by Daniel Robson

Taking their name from the iconic American automobile marque that will cease production this winter after 84 years, Pontiacs have plenty of heritage under the hood. The band reunites guitar-vocalist Kenichi Asai and bassist Toshiyuki Terui of quintessential Japanese garage-rock band Blankey Jet City, exactly 10 years after they went their separate ways.

Exploding out of the Nagoya underground in 1990, just as postbubble Japan was descending into financial meltdown, Blankey Jet City made motorcycle-grade music that provided an alternative to processed pop and gave a voice to a generation of futureless youths. They were one of the most subversive rock acts of the decade, commenting on the decline of Japanese society via major record labels Toshiba EMI and Polydor.

The problem was that the band’s constituent members were never comfortable with the major-label system and its attendant culture of artistic compromise. In 2000, the group disbanded. And that’s when their creative juices really started to flow.

Asai pursued independent success with his side-band Sherbets (whose sound, ironically, was more pop than Blankey’s) as well as with Ajico (featuring jazz-pop singer UA), Jude and a self-named solo project. Altogether, he now has more than 50 albums under his belt, and his label, Sexy Stones Records, allows him to avoid the mainstream industry entirely.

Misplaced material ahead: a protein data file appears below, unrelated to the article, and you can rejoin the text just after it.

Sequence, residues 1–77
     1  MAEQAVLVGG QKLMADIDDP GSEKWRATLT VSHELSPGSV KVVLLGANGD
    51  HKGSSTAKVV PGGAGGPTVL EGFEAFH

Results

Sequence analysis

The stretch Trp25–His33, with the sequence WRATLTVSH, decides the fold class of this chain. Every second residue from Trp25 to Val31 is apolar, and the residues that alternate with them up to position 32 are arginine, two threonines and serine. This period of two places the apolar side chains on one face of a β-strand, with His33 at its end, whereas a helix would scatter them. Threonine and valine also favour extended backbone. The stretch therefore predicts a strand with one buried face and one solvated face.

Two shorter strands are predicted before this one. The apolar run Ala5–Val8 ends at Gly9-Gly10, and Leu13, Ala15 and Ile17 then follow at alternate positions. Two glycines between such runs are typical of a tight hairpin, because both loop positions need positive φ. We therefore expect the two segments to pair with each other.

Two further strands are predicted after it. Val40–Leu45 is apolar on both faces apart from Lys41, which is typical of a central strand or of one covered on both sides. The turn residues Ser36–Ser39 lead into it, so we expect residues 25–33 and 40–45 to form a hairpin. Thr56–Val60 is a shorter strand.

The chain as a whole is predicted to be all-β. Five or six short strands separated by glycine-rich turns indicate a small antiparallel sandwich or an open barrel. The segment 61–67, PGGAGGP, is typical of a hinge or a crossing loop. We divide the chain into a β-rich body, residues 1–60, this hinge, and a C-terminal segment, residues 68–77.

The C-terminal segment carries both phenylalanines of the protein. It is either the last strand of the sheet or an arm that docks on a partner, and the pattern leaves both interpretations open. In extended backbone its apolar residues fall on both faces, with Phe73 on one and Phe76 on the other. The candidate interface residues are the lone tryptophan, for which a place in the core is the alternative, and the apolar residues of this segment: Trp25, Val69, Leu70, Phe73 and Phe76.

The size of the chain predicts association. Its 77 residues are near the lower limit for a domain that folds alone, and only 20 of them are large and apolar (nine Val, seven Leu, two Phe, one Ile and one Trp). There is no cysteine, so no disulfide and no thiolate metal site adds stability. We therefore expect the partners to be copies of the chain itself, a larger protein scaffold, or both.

Meanwhile, Terui ran for many years with Yusuke Chiba, ex-frontman of similarly huge garage-rockers Thee Michelle Gun Elephant, in the bands Rosso and Raven.

Crucially, Asai and Terui have maintained their artistic integrity, never venturing too far from the garage-rock sound they know best but always finding ways to freshen up their appeal. Pontiacs’ debut album, “Galaxy Head Meeting” (released this week), is direct and dynamic, with beefy rhythm from ex-Back Drop Bomb drummer Tatsuya Nakamura powering catchy guitar hooks and the occasional singalong chorus. Best of all, their kinetic live shows offer all the thrill of a car chase for less than the cost of a speeding ticket. Here’s hoping Asai and Terui’s reunion inspires a new generation bored with Japan’s pop charts.

Pontiacs play Nov. 8 at Liquidroom in Tokyo; Nov. 10 at Apollo Theater, Nagoya; and Nov. 11 at Shangri-La in Osaka. An extensive Japan tour follows in January 2011. “Galaxy Head Meeting” is on sale now. For more information, visit www.pontiacs.jp.